Learning deficits occurs prior to memory retrieval impairment in female Senescence Accelerated Mouse (SAMP8)

Jiaqi Sun, John Cl Mamo, Ryu Takechi, Yuji Owada, Joseph Nicolazzo, Yijun Pan

Research output: Contribution to journalArticlepeer-review

1 Citation (Scopus)


BACKGROUND: The most regularly used mouse models of Alzheimer's disease in drug development include APP/PS1, 3xTg, and 5xFAD mice. This is a limitation as all these mice represent familial AD. Given sporadic AD accounts for the majority of the AD cases in human, there is an unmet need to validate potential rodent models to better represent sporadic AD. SAMP8 is a naturally-occurring mouse line that displays many characteristics identified in Alzheimer's disease (AD) patients, such as learning and memory deficits, and accumulation of beta-amyloid. In people with preclinical AD, deficits in learning manifest faster than decline in memory retrieval. It is unclear if SAMP8 mice also exhibit this feature, and therefore the current study aims to determine if this feature can be observed in SAMP8, to support the use of SAMP8 as a mouse model of sporadic AD for drug development. METHOD: The cognitive function of SAMP8 mice and their age-matched non-AD control SAMR1 mice (at various ages) were assessed using Y maze spatial memory test, with 3-10 min training duration and 1.5-3 h interval between training and testing session. RESULT: At 3-4 months old, SAMP8 but not SAMR1 failed to differentiate the novel arm from familiar arm in a standard Y maze test (3 min training, 3 h interval). When training time was increased to 10 min, SAMP8 passed the test, while increased training time did not affect the performance of SAMR1 mice. These data indicated that longer training time is required by SAMP8 than SAMR1 to achieve the expected performance, suggesting the presence of learning deficits in SAMP8. Interestingly, at 6-7 months old, though both SAMP8 and SAMR1 received 10-min training, only SAMR1 passed the test. The performance of SAMP8 mice was successfully improved by shortening the interval between training and testing (from 3 h to 1.5 hr). These data indicate a deteriorated memory retention capability and a possible impairment in memory retrieval in SAMP8. CONCLUSION: Overall, this study has provided supportive evidence that learning deficits occurs prior to memory retrieval impairment in SAMP8, and the use of SAMP8 as mouse model for AD.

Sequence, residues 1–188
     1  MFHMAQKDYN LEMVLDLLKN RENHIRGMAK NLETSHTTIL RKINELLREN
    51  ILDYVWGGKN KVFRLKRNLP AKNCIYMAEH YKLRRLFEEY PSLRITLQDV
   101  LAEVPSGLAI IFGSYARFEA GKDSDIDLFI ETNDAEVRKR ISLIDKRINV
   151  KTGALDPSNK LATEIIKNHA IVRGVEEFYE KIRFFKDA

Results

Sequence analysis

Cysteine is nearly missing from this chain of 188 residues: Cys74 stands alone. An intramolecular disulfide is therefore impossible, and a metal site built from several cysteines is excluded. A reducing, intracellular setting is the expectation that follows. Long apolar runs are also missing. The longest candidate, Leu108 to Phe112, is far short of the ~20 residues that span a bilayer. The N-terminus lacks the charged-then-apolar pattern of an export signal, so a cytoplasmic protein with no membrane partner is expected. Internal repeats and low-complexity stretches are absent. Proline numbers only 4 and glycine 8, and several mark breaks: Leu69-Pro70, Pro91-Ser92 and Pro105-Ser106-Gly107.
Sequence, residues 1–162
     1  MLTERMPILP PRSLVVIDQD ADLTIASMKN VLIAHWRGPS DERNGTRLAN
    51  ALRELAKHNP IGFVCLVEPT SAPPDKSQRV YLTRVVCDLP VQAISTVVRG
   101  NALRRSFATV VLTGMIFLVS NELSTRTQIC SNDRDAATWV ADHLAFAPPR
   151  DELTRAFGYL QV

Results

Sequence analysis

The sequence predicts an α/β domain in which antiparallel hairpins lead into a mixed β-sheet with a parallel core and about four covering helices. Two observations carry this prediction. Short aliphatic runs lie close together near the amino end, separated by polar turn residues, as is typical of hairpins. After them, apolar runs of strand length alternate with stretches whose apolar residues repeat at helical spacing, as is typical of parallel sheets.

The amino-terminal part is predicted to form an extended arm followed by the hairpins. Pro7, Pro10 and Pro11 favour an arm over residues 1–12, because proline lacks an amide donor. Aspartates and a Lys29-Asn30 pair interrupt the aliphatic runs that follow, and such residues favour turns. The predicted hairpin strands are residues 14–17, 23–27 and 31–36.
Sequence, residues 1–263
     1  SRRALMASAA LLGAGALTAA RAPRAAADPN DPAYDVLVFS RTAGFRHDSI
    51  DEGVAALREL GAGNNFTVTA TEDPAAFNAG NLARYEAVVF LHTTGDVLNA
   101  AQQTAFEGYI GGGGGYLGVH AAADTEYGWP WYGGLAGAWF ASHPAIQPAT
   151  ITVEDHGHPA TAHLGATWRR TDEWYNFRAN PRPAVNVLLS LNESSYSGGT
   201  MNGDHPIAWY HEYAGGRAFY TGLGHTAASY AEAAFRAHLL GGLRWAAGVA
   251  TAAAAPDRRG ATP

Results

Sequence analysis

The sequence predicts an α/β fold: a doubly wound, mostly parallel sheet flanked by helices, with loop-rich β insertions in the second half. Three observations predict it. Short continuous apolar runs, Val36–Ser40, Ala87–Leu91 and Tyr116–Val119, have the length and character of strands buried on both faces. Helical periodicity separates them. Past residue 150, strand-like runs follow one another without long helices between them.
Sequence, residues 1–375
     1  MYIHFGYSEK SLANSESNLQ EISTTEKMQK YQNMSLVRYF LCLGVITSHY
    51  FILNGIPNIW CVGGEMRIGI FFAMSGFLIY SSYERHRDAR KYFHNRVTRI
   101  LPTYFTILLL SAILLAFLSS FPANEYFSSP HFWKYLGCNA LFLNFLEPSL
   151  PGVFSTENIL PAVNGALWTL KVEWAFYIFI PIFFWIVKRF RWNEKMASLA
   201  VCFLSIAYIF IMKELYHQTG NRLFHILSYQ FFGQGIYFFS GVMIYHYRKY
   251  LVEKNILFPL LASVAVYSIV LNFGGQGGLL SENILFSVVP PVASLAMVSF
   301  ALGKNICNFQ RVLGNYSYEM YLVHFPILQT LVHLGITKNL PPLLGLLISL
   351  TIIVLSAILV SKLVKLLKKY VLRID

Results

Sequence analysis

Original languageEnglish
Pages (from-to)e058418
JournalAlzheimer's and Dementia
Publication statusPublished - 2021 Dec 1


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